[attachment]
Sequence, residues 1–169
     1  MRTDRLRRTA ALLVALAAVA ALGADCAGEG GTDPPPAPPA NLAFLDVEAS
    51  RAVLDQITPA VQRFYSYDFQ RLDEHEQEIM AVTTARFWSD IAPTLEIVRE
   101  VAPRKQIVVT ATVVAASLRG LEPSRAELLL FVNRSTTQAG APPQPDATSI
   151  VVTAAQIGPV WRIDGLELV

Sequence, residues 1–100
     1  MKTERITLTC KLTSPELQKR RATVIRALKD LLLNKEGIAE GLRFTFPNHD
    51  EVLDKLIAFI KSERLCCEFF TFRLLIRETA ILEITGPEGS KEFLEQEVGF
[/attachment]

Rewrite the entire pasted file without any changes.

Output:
Sequence, residues 1–169
     1  MRTDRLRRTA ALLVALAAVA ALGADCAGEG GTDPPPAPPA NLAFLDVEAS
    51  RAVLDQITPA VQRFYSYDFQ RLDEHEQEIM AVTTARFWSD IAPTLEIVRE
   101  VAPRKQIVVT ATVVAASLRG LEPSRAELLL FVNRSTTQAG APPQPDATSI
   151  VVTAAQIGPV WRIDGLELV

Sequence, residues 1–100
     1  MKTERITLTC KLTSPELQKR RATVIRALKD LLLNKEGIAE GLRFTFPNHD
    51  EVLDKLIAFI KSERLCCEFF TFRLLIRETA ILEITGPEGS KEFLEQEVGF